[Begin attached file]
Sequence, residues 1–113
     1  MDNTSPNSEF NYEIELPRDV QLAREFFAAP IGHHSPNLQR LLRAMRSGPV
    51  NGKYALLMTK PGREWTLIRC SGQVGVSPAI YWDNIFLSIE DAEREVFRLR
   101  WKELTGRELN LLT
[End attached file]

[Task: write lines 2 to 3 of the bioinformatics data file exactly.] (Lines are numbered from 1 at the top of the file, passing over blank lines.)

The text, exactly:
     1  MDNTSPNSEF NYEIELPRDV QLAREFFAAP IGHHSPNLQR LLRAMRSGPV
    51  NGKYALLMTK PGREWTLIRC SGQVGVSPAI YWDNIFLSIE DAEREVFRLR